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27/4/09

I tried speed dating once. Boy was it fun. A couple of dozen men lining up for their turn to talk to me. I don’t think I was quite as popular with the other girls but then perhaps I shouldn’t have worn that top. One of the daftest questions I kept being asked in my five minutes was “what kind of man do you like”.

The thing is you like different men for different things. More than just the bloke you marry and the boy you go out with; it is the variety which makes life interesting. The same is true of mobile phones. A constant cry from operators, developers and handset manufacturers is that we need less device fragmentation. That there should be continuity of the experience, that it’s too expensive to support all these devices.

Yet what consumers want is variety: Go into a supermarket they don’t sell one kind of bread, or one kind of potatoes. Developers might ask for fewer OSes or UIs or whatever thinking that they are serving consumers interests but the opposite is true.

One of the reason that the apps on the Blackberry Apps store are so pitifully bad is that they have been written for something else and ported.  The joy of Java. Standards don’t make things better they make them worse. iPhone apps are written from the ground up for the iPhone and that makes them great.

Fragmentation is a good thing, we want different experiences from different devices. The Blackberry should have made-for-trackball games like Centipede and Missile Command. Sony Ericsson has put the tilt sensor to good use with shake control and Marble Madness.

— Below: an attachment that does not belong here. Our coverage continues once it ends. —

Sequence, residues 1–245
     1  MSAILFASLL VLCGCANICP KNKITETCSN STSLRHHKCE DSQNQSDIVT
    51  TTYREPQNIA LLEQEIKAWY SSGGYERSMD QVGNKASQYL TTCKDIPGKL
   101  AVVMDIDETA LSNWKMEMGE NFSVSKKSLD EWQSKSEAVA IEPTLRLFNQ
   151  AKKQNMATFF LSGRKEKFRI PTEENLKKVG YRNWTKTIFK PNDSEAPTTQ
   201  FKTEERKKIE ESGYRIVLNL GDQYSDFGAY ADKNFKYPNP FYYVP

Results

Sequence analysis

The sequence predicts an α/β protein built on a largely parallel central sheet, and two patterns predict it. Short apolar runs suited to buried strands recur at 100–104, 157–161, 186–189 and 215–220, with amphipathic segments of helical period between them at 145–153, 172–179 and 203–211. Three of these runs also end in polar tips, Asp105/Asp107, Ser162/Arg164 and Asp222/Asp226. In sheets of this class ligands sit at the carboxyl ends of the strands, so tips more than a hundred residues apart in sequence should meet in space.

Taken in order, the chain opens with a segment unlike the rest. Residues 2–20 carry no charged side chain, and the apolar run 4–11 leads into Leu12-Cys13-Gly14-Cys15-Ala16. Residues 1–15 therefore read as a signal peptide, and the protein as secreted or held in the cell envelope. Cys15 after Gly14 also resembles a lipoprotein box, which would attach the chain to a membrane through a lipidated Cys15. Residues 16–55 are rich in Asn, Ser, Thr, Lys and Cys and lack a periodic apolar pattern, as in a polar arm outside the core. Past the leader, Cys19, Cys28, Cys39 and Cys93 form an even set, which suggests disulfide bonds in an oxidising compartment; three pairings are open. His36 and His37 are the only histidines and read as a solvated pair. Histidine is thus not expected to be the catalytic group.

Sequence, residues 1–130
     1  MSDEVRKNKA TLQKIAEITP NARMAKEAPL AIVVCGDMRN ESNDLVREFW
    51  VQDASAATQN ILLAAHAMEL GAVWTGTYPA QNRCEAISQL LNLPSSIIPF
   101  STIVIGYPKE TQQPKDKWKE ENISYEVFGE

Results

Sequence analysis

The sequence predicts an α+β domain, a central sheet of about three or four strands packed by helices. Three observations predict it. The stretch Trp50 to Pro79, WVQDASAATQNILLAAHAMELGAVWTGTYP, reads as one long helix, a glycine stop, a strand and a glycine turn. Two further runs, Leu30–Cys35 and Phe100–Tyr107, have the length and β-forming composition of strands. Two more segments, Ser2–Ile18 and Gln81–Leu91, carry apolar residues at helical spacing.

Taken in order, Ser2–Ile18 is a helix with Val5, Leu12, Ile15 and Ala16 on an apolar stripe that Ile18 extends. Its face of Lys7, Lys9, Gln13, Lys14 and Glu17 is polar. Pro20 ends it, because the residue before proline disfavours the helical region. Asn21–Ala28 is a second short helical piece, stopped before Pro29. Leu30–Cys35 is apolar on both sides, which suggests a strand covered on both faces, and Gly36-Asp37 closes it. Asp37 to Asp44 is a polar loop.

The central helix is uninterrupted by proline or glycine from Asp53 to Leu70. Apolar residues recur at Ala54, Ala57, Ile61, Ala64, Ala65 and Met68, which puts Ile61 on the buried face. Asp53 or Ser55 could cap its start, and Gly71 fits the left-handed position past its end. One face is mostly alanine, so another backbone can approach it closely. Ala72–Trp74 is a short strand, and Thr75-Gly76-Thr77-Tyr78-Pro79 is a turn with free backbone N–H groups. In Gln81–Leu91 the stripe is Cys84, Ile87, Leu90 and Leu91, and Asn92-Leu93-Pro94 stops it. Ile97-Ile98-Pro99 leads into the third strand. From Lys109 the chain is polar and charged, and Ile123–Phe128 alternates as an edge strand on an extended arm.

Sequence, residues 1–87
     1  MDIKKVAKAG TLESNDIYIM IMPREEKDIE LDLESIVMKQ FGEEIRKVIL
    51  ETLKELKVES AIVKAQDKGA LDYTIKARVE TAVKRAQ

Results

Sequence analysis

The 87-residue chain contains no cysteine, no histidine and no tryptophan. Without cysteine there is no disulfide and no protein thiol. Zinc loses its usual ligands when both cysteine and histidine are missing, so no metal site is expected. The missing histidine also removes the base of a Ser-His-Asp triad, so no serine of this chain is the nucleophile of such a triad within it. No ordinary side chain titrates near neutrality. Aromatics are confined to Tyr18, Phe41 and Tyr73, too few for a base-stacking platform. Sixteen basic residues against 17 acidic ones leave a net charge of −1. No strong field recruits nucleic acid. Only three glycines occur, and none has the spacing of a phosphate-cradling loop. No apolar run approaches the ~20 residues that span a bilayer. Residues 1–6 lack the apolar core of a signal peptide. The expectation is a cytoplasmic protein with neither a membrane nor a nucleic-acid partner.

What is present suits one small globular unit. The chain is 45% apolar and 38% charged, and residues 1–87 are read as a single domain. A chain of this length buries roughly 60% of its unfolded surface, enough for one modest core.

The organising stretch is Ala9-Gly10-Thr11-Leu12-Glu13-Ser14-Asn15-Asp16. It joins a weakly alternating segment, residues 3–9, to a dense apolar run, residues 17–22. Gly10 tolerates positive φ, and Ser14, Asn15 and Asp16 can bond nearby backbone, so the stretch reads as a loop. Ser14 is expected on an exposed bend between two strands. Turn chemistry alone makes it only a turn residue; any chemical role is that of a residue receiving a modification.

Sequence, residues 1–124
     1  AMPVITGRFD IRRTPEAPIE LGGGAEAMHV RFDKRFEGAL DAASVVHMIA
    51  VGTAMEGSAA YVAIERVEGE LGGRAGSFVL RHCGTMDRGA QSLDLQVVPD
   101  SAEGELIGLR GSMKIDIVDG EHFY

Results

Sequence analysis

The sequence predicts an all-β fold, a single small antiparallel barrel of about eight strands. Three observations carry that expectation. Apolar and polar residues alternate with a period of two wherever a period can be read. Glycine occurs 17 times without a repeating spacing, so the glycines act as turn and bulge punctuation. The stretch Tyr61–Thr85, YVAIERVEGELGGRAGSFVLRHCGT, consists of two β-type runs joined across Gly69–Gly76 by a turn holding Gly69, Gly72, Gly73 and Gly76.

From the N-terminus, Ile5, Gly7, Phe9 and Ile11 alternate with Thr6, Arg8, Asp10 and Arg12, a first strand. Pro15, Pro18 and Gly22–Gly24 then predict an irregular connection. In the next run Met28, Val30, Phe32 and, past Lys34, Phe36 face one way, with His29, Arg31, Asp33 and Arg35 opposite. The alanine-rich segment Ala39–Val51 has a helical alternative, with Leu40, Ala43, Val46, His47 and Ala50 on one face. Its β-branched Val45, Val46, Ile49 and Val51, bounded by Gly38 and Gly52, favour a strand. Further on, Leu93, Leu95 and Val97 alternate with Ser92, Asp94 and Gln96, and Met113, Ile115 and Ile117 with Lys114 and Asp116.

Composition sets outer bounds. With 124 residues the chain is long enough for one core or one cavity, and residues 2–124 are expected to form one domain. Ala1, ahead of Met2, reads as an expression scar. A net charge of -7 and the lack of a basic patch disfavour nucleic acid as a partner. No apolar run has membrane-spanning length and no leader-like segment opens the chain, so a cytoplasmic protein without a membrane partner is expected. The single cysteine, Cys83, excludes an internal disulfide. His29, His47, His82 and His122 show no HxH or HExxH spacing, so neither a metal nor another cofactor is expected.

It’s the Mobile Experience Conference in a few weeks time and the speakers will no doubt  prize the value of understanding the rich tapestry of different needs and people, what so often missed is that they need an even wider, richer set of solutions to meet those needs. Tilt sensors could detect if an older user has taken a tumble, cameras used for measurement of relative distances.

When you try to cater for all kinds of people with one hardware and software solution it all falls down. You add more and more features to serve the richer experiences until you get cognitive overload. It’s ironic that the greatest work on this is the Nokia book Mobile Usability which I’ve mentioned in the past, and yet the user interface which is most suffering from this is the latest incarnation of Series 40. We need to start from the ground up and for this an excellent source is the Inclusive Design Toolkit.

Mobile phones sell in millions. No-one thinks twice about a custom UI for a personal music player that might only sell 50,000 yet it seems to be impossible for a phone. It’s only when a tailored experience like Blackberry comes along that people notice how much nicer it is.

I don’t recommend trying to go out with more than one man at a time just so that you get the variety, but I do recommend having different devices to do different things. It might make life harder for operators and developers but it’s easier for consumers.

Cat Keynes publishes her thoughts on the mobile phone industry every Sunday at www.catkeynes.com you can read the column  the previous Friday by subscribing here.
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